I was interested to learn that inexpensive American tyres, Firestone for example, mainly of synthetic rubber, have proved safe up to 130 mph in the 120° shade-temperature of the Californian desert ; also that in America a set of four costs less than a week’s wages! The brakes on this Ford are normal 1939/48 Ford Lockheed, which are quite useful on a 30 cwt stock saloon and consequently are deemed adequate for a hotrod weighing under 18 cwt. Incidentally, differential 1 in by 11/2 in cylinders operate the front shoes.

As the illustrations show, the appearance of the Ford is typical of the Californian Hot-Rod. The cowl covers a split-centre Ford radiator mounted just behind the track-rod and its grille consists of curved lengths of welding wire. The bonnet is very light, of about 20 gauge alloy, and the air-scoop came front a North American aircraft. A tiny door in the near-side bonnet panel gives-access to the dip-stick. The front cycle-type wings were made from spare-wheel-cover bands and are mounted on the brake back-plates.

The headlamps are sealed-beam Autolites and a refinement, usual in the States, is the provision of relays for the lamp and horn circuits, so that no heavy currant passes the switches. The electrical system is 6-volt, with the battery under the driver’s seat. Instead of the usual hot-rodders’ preference for cut-down model-T or 1932 roadster bodies, the body was built up largely from sections of mudguards, the spare wheel recessed in a short tail. Two large flat-pane aerosereens, made from window channelling pivot on neat outrigger mountings and really do deflect the atmosphere when you are doing around “the ton.” The seat buckets are built-in as a bulkhead, which is American race-car practice, the rather hard cushions being held by Snap fasteners. The fuel tank holds about 12 gallons and is pressurised by a Stewart Warner electric pump beneath it. The neat instillment panel is from an Auburn, set in an alloy dash.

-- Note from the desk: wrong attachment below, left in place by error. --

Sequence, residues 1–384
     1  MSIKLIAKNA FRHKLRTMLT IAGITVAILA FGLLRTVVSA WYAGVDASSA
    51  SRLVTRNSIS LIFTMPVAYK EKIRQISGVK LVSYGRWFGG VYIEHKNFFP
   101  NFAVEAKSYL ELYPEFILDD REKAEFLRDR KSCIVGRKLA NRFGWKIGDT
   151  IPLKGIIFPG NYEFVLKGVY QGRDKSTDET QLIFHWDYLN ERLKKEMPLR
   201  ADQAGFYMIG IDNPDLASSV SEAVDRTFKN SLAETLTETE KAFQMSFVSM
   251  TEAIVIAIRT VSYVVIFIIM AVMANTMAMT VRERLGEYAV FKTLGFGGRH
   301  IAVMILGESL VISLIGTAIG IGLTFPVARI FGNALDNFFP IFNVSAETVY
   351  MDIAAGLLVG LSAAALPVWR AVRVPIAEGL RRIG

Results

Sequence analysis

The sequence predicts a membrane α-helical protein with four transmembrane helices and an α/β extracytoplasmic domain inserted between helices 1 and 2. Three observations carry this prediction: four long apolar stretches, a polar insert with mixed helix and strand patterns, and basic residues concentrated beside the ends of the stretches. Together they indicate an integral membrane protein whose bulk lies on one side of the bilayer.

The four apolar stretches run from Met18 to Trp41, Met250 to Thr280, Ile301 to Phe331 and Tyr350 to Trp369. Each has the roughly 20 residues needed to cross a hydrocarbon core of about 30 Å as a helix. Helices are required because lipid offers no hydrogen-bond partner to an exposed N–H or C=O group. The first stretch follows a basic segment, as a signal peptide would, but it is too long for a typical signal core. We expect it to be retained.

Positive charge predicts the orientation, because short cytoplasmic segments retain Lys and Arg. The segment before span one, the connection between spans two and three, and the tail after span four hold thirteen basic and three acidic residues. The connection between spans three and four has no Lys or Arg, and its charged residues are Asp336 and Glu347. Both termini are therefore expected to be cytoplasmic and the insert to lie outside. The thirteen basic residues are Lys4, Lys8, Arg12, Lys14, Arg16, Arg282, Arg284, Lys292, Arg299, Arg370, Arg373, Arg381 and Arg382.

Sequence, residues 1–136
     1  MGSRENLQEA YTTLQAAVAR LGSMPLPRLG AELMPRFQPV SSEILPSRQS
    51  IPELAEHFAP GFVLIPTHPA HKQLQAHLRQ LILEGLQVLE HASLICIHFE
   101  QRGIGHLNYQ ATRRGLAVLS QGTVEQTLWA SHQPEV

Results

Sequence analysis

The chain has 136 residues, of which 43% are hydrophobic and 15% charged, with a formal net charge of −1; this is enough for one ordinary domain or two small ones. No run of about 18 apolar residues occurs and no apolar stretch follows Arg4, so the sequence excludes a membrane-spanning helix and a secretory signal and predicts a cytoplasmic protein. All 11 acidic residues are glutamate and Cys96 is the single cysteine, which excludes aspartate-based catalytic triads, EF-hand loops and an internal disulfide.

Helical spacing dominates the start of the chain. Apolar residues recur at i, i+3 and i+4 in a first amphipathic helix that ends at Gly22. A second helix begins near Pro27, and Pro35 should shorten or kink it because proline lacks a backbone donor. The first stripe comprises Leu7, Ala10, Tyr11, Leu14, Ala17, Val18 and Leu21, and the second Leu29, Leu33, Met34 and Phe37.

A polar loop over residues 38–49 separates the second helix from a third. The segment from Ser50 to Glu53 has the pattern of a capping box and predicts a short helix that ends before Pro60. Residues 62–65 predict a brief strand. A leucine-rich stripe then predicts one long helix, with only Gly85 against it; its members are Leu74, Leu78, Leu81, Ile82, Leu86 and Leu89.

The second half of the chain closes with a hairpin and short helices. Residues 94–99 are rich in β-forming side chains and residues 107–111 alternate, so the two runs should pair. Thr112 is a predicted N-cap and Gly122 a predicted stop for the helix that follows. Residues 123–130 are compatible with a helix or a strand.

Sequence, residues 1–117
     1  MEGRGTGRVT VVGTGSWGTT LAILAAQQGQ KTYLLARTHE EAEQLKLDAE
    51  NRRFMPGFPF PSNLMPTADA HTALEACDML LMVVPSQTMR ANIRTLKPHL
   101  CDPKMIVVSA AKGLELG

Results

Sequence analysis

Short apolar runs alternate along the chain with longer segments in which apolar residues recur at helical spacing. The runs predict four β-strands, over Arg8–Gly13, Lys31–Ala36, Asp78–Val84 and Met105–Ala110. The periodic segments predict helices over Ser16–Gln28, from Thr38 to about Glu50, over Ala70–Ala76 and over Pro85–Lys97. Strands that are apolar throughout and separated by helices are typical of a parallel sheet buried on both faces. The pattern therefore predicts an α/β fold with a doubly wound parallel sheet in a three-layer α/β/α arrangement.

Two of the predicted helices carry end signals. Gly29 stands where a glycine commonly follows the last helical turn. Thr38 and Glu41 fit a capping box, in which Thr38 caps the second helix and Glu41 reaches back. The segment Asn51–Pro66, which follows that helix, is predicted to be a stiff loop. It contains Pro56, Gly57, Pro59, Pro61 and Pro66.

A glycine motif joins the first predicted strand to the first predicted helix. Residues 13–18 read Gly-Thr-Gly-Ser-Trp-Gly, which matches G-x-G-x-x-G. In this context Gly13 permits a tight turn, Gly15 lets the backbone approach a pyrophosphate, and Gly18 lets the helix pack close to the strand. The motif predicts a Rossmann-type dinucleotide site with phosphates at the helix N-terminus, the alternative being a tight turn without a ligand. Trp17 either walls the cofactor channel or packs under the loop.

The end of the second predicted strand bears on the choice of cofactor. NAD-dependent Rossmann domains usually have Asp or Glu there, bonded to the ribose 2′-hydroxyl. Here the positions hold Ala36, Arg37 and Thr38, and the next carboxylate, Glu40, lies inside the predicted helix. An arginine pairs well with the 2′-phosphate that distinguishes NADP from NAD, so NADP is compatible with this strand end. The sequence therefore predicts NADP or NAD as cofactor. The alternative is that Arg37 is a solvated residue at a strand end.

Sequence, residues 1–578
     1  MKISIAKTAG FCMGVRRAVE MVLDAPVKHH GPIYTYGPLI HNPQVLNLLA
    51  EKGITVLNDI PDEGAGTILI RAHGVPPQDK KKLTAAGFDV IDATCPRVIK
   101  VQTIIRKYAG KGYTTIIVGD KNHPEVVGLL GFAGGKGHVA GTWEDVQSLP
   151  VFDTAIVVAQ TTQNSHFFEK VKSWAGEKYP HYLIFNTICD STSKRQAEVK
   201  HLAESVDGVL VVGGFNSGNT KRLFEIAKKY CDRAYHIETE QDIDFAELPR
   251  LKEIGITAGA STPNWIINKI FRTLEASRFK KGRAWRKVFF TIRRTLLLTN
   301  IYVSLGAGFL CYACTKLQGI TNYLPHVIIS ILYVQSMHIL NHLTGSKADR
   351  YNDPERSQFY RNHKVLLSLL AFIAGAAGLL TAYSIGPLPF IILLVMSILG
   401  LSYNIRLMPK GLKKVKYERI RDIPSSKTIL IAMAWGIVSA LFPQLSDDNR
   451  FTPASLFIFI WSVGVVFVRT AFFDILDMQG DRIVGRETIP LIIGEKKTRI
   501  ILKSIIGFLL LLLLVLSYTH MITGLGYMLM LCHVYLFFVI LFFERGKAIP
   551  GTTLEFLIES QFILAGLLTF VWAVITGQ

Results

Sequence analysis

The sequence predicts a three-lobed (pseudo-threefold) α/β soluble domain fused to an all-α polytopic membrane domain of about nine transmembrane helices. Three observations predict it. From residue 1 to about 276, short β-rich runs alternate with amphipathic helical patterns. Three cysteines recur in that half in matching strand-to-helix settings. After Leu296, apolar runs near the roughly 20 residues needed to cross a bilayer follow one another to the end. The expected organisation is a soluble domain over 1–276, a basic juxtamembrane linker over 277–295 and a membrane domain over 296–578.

A surprising item of equipment for so stark an automobile is a Stewart-Warner “South Wind” combustion heater by the foot-ramp, which picks up fuel from the carburetters and returns the products of combustion to the induction manifold. I am apt to be sceptical of hot-rods, but Mr Payne invited me to go for a ride and I returned highly impressed. The car has left-hand drive and it was quite an experience to be wafted down the Portsmouth Road in the right-hand passenger’s seat against on-coming traffic ! Wafted is an adequate word, for this Ford does perform ! 70 mph comes up on the speedometer in bottom cog, and then in no time an indicated 100 mph shows up in the middle ratio! The top speed is not known, but certainly in a very brief spate the speedometer needle had gone beyond its maximum calibration of 100 mph.

What is so outstanding is the way the car goes up to these gaits in about a quarter of a mile, very smoothly, with no audible V8 beat from the exhausts and no noise whatsoever on the over-run.